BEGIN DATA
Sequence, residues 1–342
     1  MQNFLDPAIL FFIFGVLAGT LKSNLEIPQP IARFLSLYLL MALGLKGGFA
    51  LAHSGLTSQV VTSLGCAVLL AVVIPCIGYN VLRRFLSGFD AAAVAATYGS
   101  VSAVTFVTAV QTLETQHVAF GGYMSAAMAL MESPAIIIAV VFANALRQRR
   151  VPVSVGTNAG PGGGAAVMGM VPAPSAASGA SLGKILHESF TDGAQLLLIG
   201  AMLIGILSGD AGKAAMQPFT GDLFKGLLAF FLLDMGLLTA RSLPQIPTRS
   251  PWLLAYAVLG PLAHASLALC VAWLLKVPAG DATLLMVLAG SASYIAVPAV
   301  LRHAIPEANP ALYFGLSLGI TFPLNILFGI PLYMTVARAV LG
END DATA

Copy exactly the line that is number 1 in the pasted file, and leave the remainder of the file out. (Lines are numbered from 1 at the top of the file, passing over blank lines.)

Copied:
Sequence, residues 1–342